A recent survey revealed that while over 25 percent of parents track their kids’ online activity.

More than a quarter of parents use a device to track or monitor their kids’ online activity, finds a survey from Common Sense Media and Survey Monkey.

It’s far more than the percentage of teens — 15% — who think their parents are tracking or monitoring what they do online.

Whether all that snooping is effective seems unclear. Only 30% of teens who responded to the survey said their parents were “extremely” aware or “very aware” of what they do online. By comparison, 52% of parents believed they were very aware of their kids’ web activity.

“There’s a pretty big difference between parents who say they know and what kids say parents know,” said Michael Robb, director of research for Common Sense Media.

The online survey from Common Sense Media and SurveyMonkey was among a national sample of 884 teens ages 14-17 and 3,282 parents of teens.

Options for tracking kids’ online activities vary from tools for your router capable of tracking the websites users visit to apps letting you review your child’s smartphone call logs and text messages.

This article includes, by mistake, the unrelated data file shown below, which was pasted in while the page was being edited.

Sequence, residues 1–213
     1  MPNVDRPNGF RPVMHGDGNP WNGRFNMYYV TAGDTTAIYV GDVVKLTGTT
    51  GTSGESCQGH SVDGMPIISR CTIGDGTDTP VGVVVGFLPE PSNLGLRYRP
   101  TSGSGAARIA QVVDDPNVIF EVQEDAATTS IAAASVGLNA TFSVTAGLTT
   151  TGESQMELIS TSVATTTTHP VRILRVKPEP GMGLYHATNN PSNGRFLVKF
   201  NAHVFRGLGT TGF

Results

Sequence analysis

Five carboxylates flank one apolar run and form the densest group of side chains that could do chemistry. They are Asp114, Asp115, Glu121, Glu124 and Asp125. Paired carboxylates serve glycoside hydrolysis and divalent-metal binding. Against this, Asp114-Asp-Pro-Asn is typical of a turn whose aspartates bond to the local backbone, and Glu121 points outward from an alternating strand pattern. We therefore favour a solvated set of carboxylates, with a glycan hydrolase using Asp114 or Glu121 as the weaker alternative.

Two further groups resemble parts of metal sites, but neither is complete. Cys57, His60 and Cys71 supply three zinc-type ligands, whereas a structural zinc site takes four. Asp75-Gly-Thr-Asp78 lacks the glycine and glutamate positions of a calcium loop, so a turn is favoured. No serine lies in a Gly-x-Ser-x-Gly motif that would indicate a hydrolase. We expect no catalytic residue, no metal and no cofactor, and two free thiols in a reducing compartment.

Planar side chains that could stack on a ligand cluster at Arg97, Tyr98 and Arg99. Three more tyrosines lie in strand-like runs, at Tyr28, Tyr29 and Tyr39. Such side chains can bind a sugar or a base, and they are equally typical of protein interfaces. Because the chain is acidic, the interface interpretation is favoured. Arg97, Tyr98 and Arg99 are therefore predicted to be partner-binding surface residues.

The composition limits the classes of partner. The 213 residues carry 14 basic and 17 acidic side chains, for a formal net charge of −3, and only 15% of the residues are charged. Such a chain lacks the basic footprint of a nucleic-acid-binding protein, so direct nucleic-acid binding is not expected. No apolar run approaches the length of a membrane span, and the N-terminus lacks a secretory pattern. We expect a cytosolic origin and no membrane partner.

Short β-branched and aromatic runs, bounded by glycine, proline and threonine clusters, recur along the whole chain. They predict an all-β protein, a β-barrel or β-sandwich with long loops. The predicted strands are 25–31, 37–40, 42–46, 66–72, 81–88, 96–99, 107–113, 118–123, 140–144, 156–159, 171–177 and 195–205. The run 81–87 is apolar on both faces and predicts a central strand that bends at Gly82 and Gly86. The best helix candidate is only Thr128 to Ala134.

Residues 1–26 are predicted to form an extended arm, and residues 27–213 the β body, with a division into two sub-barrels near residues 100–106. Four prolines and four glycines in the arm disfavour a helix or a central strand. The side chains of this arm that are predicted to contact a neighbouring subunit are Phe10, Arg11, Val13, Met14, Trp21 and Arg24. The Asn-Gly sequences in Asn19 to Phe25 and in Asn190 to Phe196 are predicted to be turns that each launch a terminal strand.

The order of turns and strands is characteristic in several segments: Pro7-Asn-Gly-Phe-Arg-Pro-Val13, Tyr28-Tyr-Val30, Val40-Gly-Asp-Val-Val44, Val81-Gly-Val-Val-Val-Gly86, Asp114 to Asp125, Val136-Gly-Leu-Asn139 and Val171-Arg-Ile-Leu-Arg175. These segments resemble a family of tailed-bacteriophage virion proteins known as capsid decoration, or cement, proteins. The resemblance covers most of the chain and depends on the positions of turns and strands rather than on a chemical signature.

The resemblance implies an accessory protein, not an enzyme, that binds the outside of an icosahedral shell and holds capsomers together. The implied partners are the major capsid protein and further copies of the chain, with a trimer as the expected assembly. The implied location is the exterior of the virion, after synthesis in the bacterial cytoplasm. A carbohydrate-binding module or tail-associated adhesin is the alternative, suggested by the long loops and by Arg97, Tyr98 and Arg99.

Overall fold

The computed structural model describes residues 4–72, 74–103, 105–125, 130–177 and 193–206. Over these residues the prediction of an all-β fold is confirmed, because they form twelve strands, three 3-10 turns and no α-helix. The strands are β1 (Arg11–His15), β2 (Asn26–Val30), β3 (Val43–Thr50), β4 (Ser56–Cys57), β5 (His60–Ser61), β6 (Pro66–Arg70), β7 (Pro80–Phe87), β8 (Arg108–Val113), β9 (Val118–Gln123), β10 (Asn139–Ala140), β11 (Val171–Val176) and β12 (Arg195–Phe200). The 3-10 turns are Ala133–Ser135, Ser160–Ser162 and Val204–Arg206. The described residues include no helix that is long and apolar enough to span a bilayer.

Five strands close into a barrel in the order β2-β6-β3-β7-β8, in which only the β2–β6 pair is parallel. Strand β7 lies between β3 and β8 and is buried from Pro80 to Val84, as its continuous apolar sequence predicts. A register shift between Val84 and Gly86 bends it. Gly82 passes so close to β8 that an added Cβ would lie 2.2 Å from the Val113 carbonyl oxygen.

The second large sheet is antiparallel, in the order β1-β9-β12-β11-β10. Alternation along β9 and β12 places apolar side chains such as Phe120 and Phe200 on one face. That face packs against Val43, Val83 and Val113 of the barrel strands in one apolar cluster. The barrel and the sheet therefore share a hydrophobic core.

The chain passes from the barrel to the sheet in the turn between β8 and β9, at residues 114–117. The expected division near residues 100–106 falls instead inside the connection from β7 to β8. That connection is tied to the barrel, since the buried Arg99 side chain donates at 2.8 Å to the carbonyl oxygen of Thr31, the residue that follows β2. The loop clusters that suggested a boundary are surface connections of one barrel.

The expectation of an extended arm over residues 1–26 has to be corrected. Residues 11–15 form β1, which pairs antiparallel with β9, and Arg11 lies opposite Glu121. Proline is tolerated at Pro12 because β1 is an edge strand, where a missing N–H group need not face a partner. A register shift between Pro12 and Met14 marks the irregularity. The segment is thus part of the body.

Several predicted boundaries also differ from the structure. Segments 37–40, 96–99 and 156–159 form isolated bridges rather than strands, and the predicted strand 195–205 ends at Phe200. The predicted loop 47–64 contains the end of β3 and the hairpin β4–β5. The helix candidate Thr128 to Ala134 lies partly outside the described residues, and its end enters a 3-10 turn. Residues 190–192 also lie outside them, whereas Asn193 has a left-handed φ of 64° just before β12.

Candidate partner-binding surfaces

Devorah Heitner, author of the book Screenwise: Helping Kids Thrive (and Survive) In Their Digital World, suggests mentoring kids about best online practices instead of monitoring. If parents do choose to monitor, they should talk with their kids first.

“You have to really ask yourself what you think you’re going to learn by covertly monitoring your kid,” she said. “What’s your plan of action if you see something that concerns you?”

As smartphones and social media continue to infiltrate our daily lives, questions have surfaced over when it’s too young for kids to participate.

More: Read this before you give your kid his or her…